Journal of Molecular Evolution

, Volume 87, Issue 2–3, pp 93–105 | Cite as

Conserved Critical Evolutionary Gene Structures in Orthologs

  • Miguel A. FuertesEmail author
  • José R. Rodrigo
  • Carlos Alonso
Original Article


Unravelling gene structure requires the identification and understanding of the constraints that are often associated with the evolutionary history and functional domains of genes. We speculated in this manuscript with the possibility of the existence in orthologs of an emergent highly conserved gene structure that might explain their coordinated evolution during speciation events and their parental function. Here, we will address the following issues: (1) is there any conserved hypothetical structure along ortholog gene sequences? (2) If any, are such conserved structures maintained and conserved during speciation events? The data presented show evidences supporting this hypothesis. We have found that, (1) most orthologs studied share highly conserved compositional structures not observed previously. (2) While the percent identity of nucleotide sequences of orthologs correlates with the percent identity of composon sequences, the number of emergent compositional structures conserved during speciation does not correlate with the percent identity. (3) A broad range of species conserves the emergent compositional stretches. We will also discuss the concept of critical gene structure.


Molecular evolution Triplet-composon Gene structure Human–mouse orthologs 



This work was funded by a program of the Instituto de Salud Carlos III-Redes Temáticas de Investigación Cooperativa en Salud (ISCIII-RETIC RD06/0021/0008 program) and Laboratorios LETI. The funders had no role in study design, data collection and analysis, decision to publish, or preparation of the manuscript. An institutional grant from Fundación Ramón Areces is also acknowledged.

Supplementary material

239_2019_9889_MOESM1_ESM.docx (65 kb)
Online Resource 1. Sample of mouse genes contained into specific tCP-clusters different from those of their human orthologs (DOCX 65 KB)
239_2019_9889_MOESM2_ESM.docx (39 kb)
Online Resource 2. Dataset of human-mouse orthologs that change during speciation from a compositional cluster in mouse to another different in human (sample 1) showing both NT and tCP alignment data and the number of tCPs conserved per ortholog (DOCX 38 KB)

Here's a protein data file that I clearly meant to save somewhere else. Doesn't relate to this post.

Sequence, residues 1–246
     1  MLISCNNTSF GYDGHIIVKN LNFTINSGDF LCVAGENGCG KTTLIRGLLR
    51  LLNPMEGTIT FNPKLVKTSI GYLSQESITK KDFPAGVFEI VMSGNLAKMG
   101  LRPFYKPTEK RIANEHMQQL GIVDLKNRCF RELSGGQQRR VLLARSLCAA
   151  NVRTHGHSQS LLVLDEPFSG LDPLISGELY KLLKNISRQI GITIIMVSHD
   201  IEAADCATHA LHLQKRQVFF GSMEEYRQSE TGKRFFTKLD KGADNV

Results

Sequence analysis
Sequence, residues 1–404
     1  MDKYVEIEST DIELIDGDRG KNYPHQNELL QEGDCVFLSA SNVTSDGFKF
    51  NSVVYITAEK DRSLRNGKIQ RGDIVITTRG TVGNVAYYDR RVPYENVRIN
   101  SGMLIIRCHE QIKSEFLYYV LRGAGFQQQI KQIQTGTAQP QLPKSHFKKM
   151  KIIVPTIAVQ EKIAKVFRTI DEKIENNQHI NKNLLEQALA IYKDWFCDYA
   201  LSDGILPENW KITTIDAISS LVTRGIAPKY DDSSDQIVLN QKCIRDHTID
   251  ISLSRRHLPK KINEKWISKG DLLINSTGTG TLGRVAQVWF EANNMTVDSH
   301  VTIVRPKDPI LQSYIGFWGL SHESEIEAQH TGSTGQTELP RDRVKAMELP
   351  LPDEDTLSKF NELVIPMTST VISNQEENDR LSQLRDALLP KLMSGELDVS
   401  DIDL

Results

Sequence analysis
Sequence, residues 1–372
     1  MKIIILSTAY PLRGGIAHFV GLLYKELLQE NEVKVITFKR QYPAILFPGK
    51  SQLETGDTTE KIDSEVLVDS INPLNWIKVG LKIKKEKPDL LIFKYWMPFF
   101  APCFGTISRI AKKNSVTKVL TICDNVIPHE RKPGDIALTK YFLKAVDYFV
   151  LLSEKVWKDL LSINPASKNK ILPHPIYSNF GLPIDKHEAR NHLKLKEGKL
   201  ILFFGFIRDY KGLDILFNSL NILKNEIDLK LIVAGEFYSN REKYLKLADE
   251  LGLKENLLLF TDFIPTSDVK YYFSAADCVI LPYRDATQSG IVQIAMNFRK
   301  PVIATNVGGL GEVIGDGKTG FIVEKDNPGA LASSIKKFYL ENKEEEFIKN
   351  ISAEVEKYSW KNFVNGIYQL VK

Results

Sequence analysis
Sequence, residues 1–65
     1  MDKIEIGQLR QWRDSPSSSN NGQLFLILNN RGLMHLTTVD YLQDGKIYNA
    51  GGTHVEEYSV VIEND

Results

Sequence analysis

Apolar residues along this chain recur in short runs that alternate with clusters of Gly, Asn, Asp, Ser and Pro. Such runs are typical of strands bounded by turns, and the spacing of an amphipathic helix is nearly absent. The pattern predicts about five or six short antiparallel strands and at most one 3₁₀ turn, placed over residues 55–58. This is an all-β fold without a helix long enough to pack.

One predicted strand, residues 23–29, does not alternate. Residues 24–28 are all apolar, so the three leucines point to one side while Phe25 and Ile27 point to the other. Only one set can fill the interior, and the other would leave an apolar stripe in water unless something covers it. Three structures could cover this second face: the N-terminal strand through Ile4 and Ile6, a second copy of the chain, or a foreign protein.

239_2019_9889_MOESM3_ESM.docx (37 kb)
Online Resource 3. Dataset of human-mouse orthologs that do not change during speciation from a compositional cluster in mouse to another different in human showing both NT and tCP alignment data (sample 2) and the number of tCPs conserved per ortholog (DOCX 36 KB)
239_2019_9889_MOESM4_ESM.docx (32 kb)
Online Resource 4. Multiple alignment of 12 orthologs of the human sterile alpha motif domain-containing protein 12 (SAMD12). NTs associated with the conserved tCPs are shaded in blue. The * symbol indicates NTs conserved in all species. The interspersed structure is composed of 42 stretches distributed along the gene length. (DOCX 31 KB)
239_2019_9889_MOESM5_ESM.docx (345 kb)
Online Resource 5. Panel comparing the 14 tCP-profiles of the human-mouse ortholog SAMD12. Red and blue lines correspond to tCP-distributions along the trend line of the cumulative tCP-usage profile of the mouse and the human, respectively. The inset in upper right corner display the name of the ortholog and the mouse and human tCP-clusters containing the ortholog. The inset in the bottom right corner represent a table with the correlations (r) found between human-mouse tCP-profiles for numerical comparison. In bold, the r values higher than the cut-off. (DOCX 344 KB)


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Copyright information

© Springer Science+Business Media, LLC, part of Springer Nature 2019

Authors and Affiliations

  1. 1.Centro de Biología Molecular “Severo Ochoa” (CSIC-UAM)Universidad Autónoma de MadridMadridSpain
  2. 2.Telefónica de España S.A.MadridSpain

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